Never Enough Time in a Day
Being a full-time college student while working many hours throughout the week is like forgetting that the body is the temple. Trying to fit in extracurricular activities, trying to keep up with their social life, and other factors that play along in working-college students’ lives that keeps them busy is tough for them because their mind never rests. While not getting enough sleep, the brain is always on go-mode, and when it is time to sleep, working college students cannot even reset their mind for the next day because they’re essentially just taking a nap, only getting little hours of sleep each night. Fitting in all these hours into one day is almost impossible, and this struggle these students are experiencing is causing their overall performance to get worse. Mental health is very important, but for working-college students, that is the last priority they seem to worry about.
In the article, “College vs. Paycheck,” author Rainesford Stauffer explains her experience as a working college student who never had enough time for anything but school and work while struggling with peoples’ opinions and telling her to choose between her education or her job. For example, “It wasn’t just my jobless peers who thought I was doing college the wrong way. Well-meaning professors and administrators showed the same lack of understanding for the plight of the working learner.” Many people do not understand that most working college students get a job because they need the money, not because they want the money. Over thinking the idea that one cannot pay for college because they are a first-generation or low-income student automatically triggers stress, leading the student to be under pressure for finding a job to pay for their education. Imagine that added pressure of mentors and administrators trying to advise one to focus on their education more than the job that is paying for it. Stauffer emphasizes in her article that she felt guilty for picking her job over her education most of the time she was in college but also understanding that she needed the job to get an education. She also mentions that essentially the root of this mental health issue, stress, comes from the amount of tuition that students have to pay overall. For instance, “Much of the debate around higher-education inequity focuses on lessening the cost of tuition, Great, but the burden on working students is often left out of that conversation. We need affordable tuition, but also need to acknowledge other life expenses that are just as essential to learning.” Many people who are not in these working-college students’ positions do not understand what they go through on a daily basis and why they do it, leading those students to not recognize that their mental health needs to be stable before anything else, and Stauffer’s idea supports the main cause of those working learners’ mental health issues.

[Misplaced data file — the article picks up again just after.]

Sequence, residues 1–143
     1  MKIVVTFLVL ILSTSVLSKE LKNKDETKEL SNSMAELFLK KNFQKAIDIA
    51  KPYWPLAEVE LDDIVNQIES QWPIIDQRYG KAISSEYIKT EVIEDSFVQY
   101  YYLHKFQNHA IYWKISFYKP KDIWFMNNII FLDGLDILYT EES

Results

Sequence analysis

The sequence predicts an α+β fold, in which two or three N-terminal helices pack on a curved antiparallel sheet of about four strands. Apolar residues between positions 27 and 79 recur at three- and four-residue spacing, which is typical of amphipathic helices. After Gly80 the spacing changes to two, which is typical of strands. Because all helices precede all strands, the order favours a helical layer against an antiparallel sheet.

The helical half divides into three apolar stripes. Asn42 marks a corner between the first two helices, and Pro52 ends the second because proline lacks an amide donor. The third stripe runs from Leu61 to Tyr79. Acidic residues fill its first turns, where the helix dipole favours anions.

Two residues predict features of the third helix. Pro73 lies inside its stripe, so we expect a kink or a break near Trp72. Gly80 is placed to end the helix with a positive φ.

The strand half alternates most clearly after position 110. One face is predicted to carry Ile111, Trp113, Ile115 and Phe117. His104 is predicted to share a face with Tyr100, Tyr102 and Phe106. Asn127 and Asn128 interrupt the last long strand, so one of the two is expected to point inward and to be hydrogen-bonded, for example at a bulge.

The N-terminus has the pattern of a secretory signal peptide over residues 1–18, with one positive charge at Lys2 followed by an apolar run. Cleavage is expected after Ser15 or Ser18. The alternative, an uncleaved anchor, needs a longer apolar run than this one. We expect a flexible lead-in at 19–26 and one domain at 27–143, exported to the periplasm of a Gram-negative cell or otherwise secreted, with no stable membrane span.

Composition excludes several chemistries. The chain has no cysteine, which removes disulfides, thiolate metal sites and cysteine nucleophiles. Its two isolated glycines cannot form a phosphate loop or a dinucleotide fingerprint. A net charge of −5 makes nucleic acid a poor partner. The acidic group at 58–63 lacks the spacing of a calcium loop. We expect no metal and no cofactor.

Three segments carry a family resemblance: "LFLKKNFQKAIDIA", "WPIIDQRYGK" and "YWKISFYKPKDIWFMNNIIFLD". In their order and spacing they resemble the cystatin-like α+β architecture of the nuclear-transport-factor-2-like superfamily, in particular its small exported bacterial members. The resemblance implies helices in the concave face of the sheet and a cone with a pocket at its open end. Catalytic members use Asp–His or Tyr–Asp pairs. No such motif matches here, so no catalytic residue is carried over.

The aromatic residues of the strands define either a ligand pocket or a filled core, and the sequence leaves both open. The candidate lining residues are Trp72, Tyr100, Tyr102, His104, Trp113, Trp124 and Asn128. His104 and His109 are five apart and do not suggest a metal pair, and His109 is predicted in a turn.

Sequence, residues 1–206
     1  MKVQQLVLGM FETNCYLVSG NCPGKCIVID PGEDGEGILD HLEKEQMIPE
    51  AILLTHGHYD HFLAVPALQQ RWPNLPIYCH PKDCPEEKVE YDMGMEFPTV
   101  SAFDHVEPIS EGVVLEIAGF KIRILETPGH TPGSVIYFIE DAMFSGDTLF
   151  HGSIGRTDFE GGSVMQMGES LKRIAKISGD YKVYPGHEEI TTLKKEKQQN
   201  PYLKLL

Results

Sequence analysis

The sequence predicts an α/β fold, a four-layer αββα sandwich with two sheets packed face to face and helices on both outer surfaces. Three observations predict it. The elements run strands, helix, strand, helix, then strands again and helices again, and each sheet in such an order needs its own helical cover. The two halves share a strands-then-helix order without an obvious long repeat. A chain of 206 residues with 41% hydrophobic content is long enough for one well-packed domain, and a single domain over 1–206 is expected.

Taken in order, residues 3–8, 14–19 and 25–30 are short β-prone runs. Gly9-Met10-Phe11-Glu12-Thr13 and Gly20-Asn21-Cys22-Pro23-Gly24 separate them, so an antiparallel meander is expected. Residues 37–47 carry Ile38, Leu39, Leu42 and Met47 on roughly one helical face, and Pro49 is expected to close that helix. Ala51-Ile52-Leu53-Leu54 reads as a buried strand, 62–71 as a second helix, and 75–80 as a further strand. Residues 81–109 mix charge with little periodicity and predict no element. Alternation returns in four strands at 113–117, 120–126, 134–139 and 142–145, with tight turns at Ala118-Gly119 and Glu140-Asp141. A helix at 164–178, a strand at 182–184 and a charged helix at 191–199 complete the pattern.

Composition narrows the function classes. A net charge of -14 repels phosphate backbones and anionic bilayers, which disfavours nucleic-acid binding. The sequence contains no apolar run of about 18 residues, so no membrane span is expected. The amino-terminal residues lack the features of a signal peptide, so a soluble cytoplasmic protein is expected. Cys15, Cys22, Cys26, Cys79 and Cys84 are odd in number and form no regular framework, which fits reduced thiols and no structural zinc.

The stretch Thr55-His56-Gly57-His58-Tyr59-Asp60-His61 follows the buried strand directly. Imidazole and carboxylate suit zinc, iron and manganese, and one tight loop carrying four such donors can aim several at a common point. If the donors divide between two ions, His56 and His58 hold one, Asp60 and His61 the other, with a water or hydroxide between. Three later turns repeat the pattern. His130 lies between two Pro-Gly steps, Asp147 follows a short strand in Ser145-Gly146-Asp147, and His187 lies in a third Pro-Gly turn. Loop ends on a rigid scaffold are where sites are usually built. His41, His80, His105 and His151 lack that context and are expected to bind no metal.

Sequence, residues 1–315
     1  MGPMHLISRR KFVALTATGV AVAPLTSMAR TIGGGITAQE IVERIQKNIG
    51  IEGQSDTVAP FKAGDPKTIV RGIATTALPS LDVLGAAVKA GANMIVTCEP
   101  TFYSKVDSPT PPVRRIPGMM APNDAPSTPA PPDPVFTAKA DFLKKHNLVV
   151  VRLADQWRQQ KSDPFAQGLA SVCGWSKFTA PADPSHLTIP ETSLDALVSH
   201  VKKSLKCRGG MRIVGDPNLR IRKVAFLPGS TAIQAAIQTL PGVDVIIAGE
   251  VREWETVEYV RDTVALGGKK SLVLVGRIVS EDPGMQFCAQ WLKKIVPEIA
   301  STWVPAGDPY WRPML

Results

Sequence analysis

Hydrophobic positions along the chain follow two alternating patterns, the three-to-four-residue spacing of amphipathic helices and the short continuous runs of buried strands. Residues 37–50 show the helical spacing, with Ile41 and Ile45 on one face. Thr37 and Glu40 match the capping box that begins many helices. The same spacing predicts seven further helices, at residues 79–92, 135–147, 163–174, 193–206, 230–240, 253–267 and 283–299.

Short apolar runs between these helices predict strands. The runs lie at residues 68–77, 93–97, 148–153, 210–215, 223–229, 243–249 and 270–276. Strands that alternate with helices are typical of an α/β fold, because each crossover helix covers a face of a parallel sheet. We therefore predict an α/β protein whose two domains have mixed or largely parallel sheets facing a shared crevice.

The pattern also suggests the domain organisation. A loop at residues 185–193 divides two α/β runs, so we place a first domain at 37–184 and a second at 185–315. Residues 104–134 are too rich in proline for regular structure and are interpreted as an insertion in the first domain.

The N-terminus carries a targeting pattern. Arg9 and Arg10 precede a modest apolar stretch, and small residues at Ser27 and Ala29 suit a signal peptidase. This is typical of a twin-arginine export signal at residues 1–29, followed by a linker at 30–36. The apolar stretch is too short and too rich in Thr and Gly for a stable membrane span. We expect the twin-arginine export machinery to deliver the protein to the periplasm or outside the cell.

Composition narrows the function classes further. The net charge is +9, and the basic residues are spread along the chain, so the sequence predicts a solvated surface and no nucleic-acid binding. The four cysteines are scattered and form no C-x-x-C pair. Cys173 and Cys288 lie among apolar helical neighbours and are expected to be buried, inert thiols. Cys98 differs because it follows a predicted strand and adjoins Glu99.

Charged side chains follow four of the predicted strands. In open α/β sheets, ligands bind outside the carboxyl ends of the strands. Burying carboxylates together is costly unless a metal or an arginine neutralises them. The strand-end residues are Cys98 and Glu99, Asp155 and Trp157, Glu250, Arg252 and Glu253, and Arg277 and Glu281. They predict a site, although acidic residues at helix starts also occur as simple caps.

Moreover, there are many examples of poor mental health such as depression, anxiety, phobias, and way more, but the most common of working college students is stress and sleep deprivation because they hardly get enough sleep throughout the week at the same time as their stress levels are rising. Carrying a busy schedule on their shoulders, completing assignments, fitting in their social life, and participating in extracurricular activities is like never turning the switch off. All of these priorities that one handles throughout the day leaves them barely any time for sleep. While going back and forth between all of these priorities, working learners forget that their body is the temple, and they will not perform well in their everyday activities if they do not take care of it.
In the article, “Not Enough Hours in the Day: Work Study Students and Sleep,” author Zachariah Ezer informs his audience on many facts and examples of work study students struggling with sleep deprivation. For instance, “In 2014, an article in the Argus was published stating that ‘Farias, [an administrator], determined last year that nearly 80 students work above the recommended 20-hour limit, with some working up to 40 hours in a single week.’” Not only are working college students not getting enough sleep, but they also are handling the added stress of staying on campus if they are a low-income student and have a hard time paying for their education. Ezer explains that working students that are low-income or first generation feel like they do not fit in when it comes to their social life, especially at elite universities, because they are always busy or because they are “weeded out of friendships based on what [they] could afford.” This causes those students to feel intimidated or having sleepless nights because all they could afford is paying their tuition, not having enough money for much else. Ezer does mention some good examples of working college students experiences, and some people may believe that the author is exaggerating his words, but unfortunately, this is typical for working college students.